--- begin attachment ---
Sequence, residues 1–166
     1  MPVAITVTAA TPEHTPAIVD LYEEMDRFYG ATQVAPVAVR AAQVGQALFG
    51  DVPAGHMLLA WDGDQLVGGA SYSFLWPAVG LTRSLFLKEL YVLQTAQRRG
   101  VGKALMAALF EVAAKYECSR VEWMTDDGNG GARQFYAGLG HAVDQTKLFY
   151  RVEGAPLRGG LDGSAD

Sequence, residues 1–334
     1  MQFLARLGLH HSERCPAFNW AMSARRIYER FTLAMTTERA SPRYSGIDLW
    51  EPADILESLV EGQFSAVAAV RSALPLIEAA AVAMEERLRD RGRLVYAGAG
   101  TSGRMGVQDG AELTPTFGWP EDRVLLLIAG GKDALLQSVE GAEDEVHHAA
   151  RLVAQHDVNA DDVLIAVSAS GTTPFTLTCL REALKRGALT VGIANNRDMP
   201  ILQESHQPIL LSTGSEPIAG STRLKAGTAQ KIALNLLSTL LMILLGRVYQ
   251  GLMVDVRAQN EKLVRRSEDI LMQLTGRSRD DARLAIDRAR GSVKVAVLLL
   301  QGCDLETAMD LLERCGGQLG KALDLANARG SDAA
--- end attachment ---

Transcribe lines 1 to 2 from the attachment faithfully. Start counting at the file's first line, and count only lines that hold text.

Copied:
Sequence, residues 1–166
     1  MPVAITVTAA TPEHTPAIVD LYEEMDRFYG ATQVAPVAVR AAQVGQALFG